Fiscal Policy and National Balance Sheet

January 7, 2019
Fiscal Policy Vs National Balance Sheet

This refers to Ajay Shukla’s report “IAF holds back Rs20,000 crore from HAL, as foreign vendors get paid” (Business Standard, January 7). If HAL has borrowed money from bank/s to pay salaries to its employees when GOI owes Rs20,000 crores to the company, there is something fundamentally wrong in GOI’s resources management. It is time, an expert committee comprising professionals with expertise in international accounting practices as members supported by representatives of GOI, CAG and RBI studies the money-management by the central finance ministry.
The suggestion is in the context of the casual approach to fiscal policy evidenced in the recent past. Illustratively:
a)    Finance Ministry has been looking at PSUs as fund-raising organizations. Ministry exerts pressure on PSUs to declare dividend, ignoring institutional priorities.
b)    GOI expects institutions like LIC to maintain surplus liquid funds on an ongoing basis, to be available for diversion at short notice.
c)     Last year, RBI was persuaded to make advance transfer of funds to GOI against year-end (RBI’s financial year is July-June) transfer of surplus income. RBI Act doesn’t envisage such payments. Dr Rajan had mentioned this in his September 3,2016 Delhi speech (That is not an issue, as GOI can always introduce new provisions.)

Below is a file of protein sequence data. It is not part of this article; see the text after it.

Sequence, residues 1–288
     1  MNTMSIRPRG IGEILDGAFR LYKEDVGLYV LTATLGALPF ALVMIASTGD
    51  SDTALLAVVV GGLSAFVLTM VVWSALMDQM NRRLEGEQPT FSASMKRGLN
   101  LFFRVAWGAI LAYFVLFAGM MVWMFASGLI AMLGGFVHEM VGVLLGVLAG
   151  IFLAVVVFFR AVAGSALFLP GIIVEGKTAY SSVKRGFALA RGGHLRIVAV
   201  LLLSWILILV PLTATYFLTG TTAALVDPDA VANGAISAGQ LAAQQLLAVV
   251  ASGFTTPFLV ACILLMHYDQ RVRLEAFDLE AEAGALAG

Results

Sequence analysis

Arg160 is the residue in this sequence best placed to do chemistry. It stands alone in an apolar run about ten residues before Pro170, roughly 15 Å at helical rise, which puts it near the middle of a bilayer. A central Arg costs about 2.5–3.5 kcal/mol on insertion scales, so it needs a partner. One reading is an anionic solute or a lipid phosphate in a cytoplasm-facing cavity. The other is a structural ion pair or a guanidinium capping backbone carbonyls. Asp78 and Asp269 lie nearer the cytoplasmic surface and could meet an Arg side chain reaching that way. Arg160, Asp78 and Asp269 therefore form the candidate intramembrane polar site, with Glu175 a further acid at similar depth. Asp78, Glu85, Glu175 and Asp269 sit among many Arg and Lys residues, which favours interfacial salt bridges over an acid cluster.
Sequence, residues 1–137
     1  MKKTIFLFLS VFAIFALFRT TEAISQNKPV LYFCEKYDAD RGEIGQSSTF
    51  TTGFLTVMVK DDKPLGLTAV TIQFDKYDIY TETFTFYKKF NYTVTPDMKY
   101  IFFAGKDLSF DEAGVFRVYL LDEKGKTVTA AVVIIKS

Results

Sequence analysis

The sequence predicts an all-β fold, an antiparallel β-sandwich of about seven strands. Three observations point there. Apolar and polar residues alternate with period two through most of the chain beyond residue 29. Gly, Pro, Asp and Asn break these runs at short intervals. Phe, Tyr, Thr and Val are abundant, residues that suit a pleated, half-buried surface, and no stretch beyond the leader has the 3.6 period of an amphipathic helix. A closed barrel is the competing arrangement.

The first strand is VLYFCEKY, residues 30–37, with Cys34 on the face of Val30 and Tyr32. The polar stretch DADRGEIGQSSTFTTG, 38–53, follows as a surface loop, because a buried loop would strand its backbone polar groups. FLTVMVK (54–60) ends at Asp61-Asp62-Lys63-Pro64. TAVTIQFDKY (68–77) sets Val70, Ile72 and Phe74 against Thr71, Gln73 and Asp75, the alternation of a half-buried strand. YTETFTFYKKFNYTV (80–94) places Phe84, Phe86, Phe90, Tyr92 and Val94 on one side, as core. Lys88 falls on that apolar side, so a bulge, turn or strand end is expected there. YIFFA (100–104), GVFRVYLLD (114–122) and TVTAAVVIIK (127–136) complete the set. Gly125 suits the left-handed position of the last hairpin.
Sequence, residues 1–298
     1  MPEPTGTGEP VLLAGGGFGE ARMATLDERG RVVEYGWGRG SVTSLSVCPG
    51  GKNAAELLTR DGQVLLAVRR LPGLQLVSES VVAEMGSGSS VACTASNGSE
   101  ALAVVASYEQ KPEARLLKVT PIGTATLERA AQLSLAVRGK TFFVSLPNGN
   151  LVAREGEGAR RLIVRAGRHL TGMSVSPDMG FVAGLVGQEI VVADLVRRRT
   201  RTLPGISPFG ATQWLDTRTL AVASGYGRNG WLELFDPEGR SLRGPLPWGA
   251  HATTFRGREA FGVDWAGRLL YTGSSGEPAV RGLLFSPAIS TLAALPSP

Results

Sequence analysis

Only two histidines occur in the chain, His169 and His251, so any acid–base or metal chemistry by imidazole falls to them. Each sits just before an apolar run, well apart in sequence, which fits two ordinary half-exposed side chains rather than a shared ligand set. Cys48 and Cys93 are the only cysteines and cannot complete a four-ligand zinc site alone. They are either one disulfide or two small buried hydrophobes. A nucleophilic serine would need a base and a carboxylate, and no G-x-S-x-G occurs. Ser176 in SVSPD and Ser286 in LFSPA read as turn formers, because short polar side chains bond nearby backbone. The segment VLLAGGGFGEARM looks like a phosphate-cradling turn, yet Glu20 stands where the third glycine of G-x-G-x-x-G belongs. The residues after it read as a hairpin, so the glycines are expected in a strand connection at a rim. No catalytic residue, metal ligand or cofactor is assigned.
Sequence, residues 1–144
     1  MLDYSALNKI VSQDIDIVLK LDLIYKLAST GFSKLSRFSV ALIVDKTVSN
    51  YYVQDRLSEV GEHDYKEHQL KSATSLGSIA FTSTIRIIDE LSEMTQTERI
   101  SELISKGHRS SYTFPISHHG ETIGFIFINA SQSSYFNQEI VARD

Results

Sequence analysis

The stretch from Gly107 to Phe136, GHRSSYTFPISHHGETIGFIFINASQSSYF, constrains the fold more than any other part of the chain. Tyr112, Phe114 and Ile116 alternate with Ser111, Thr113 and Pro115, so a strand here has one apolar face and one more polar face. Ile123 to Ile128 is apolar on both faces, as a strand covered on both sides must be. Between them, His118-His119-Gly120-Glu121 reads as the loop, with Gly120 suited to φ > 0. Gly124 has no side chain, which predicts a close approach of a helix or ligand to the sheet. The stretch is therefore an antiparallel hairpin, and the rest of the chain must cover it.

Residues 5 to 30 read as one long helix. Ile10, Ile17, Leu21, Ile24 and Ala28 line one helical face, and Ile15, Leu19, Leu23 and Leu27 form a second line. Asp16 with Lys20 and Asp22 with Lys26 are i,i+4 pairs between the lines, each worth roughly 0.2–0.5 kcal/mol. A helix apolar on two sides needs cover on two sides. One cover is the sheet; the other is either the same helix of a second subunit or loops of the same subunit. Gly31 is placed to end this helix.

d)    Now, a Panel chaired by Dr Bimal Jalan has been appointed to make recommendations on the “Economic Capital Framework” of RBI. If GOI manages funds in the HAL way, day may not be far off, when RBI will find it difficult to meet the country’s international obligations.
Recently, an expert compared loan waiver and recapitalization of PSBs and didn’t find much difference. Recalled this just to remind that once GOI decides to do things in a particular way, there will be experts to justify that approach. If the semblance of professionalism in handling nation’s finances which used to be evident till recently in budget speeches and policy announcements also disappear, the price Indian Economy will have to pay to set right the country’s balance sheet will be unimaginably heavy.

M G Warrier, Mumbai


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